Saw Bob Dylan in an up-close and personal venue a few weeks ago, early December, when he was in town to receive a lifetime achievement award at the Kennedy Center. I wasn't there THAT night, but we caught him at the 9:30 Club the night prior to the Kennedy. We'd stood in line for several hours in the cold gnarly AM when tickets went on sale earlier that month only to be among about three hundred turned away. On the second night of the show (he played two nights there to a thousand bobbing heads each), Sue, Ken Borden (an old friend of Bob Blumstein), and I stood again outside hoping to score three tix. Borden had successfully found entry the night before, benefactor of a simple twist of fate. An old friend of his carried an extra after his girlfriend bailed with sickness. Instead of drawing lots, we rationalized in which order each of us would be entitled to tickets as they surfaced. Three hours later the line hadn't moved and no tickets were within shouting distance. Finally I saw an old friend. Lo and behold, he had a friend trying to dump one. That was mine. Bought it for fifty bucks, fifteen over advance price. Borden and another chick we chatted up that night had paid eighty the night before. I owned the first ticket since Borden had seen Dylan the previous night, and Sue had gone to the Stones at the Air Arena (basketball/hockey) a few week prior, a gig I passed on even though the tickets were free. Sue, at my suggestion, then invited and was escorted by old pal Tom Howell who enjoyed himself much more than I possibly could have sitting in the stars and seeing nothing but smoke and hearing little but poorly packaged noise. Meanwhile I was standing in line debating whether I should sell my ticket for a profit and leave the lonesome scene with Sue & Ken instead. They insisted I stay to see the man who was nominated last year for a Nobel in Literature (believe it, it's true. He lost to a Italian septegenarian novelist whom I'd never heard of . . .)

Finally the line was moving. We hung together until I was frisked at the door. I waved goodbye. No more tickets. Sue was to get the next available entry, since she hadn't seen Bob, but now even that seemed a moot point. I had barely pushed my way into the place, among the last dozen in line, up cozy to the closest bar, when I hear Borden wailing and Sue jibberishly in joy waving arms akimbo. They'd made it. Two more tickets at fifty bucks a pop. We were all there snuggling among other Dylanistas, an older crowd speckled with the occasional fresh bunny or hardly harried hipster comfortably awed. Downside. Beers cost $4.50 apiece, and we all wanted at least three.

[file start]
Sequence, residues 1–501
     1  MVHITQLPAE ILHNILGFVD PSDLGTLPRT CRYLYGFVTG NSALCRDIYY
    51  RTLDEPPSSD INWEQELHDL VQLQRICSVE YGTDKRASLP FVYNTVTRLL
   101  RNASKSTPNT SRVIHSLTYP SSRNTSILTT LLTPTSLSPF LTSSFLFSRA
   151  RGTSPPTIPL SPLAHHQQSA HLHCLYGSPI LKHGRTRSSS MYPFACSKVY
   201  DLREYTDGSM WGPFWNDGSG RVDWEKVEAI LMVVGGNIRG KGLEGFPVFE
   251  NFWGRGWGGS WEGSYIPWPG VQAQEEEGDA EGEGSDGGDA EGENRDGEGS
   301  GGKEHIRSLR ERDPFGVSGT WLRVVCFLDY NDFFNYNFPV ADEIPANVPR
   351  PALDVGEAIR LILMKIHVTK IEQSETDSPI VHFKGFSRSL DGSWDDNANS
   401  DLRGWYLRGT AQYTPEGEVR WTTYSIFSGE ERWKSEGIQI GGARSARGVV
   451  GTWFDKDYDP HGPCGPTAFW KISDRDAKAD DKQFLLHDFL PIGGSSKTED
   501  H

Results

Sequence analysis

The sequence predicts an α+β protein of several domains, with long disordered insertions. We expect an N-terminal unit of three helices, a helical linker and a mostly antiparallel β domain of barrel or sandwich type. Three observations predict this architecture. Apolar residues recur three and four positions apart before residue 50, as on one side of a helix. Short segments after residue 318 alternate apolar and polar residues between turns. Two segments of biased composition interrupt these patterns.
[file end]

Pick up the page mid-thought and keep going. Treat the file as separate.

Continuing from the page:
GT

P.S. Bob lived up to expectations again, spending most of the night banging out notes on a twelve string. This was my fourth time seeing Dylan. Worth every dime. Most money I've every spent on a ticket.

Exchanging Glances, Presbyterian Jew Not Quite Sure Speed of Train


24 Apr

stuffed-stifled

Stuffled & Stifled

samplex

Have been scanning through some of the CSS white pages. While the hype is that this makes anyone a publisher, it again forces to the top of the cup those who believe anybody can be a programmer. This stuff is dense and prickly like sandspurs in a south Georgia grass patch.

How's that desperately seeking law degree game plan edging into your routines? Do you still want a MB-sized mail archive sent to your inbox? Any movement toward KPT gifting? Have you taken a vow of silence?

Sue is now sick with head runneth overs about the time I'm finally feeling fit again. How about some billy ball tonight? Is there any reason you should not take another swing at the dynastic power of billy, yet again? Now back to the sleeve of Steve (and any who see themselves in this song)...

Perhaps you can help me work up a successful resume to storm ClarkNET with the wisdom to know the difference. I wouldn't ask just anybody for advice on this topic, but gee willikers, you might actually be able to enhance my chances with that infomercial-worthy MASThead (Most Awesome Steve Taylor) approach of yours...

Below is something I typed into a guestbook this morning:

Sweet knees and sauerkraut will cost you an arm and a leg
in the springtime next to the café down the street. You must
have a long friendlist and a good publicist to get away
with that many hits in the short time since the snowstorm
that didn't happen here happened somewhere else. I mean,
geez, Tim and Jennifer were gods in my book until they fell
silent. Clean up your act, or at least talk about the old
one, show a few pictures and get on with it...

but frisky is as frisky does. (In the field
where one puts where one is from, I wrote,
"from that part of me you can't quite finger...")

As you might surmize I am quite full of thyself
this morning, having finally fully recovered
from frocking weekend's binge boozer binge

and as usual Thursday brought that rush of
Gabmania I could only manage three or four days
a week once upon a time now down to two or three,

while you however seem an undiluted 24 seven.
You wear me out man. Go with it. You too will slow down,
but you're hardwired for burn speed and popular endurance

and will no doubt remain above the fray unless
some brain-nervous tick hits you like it stung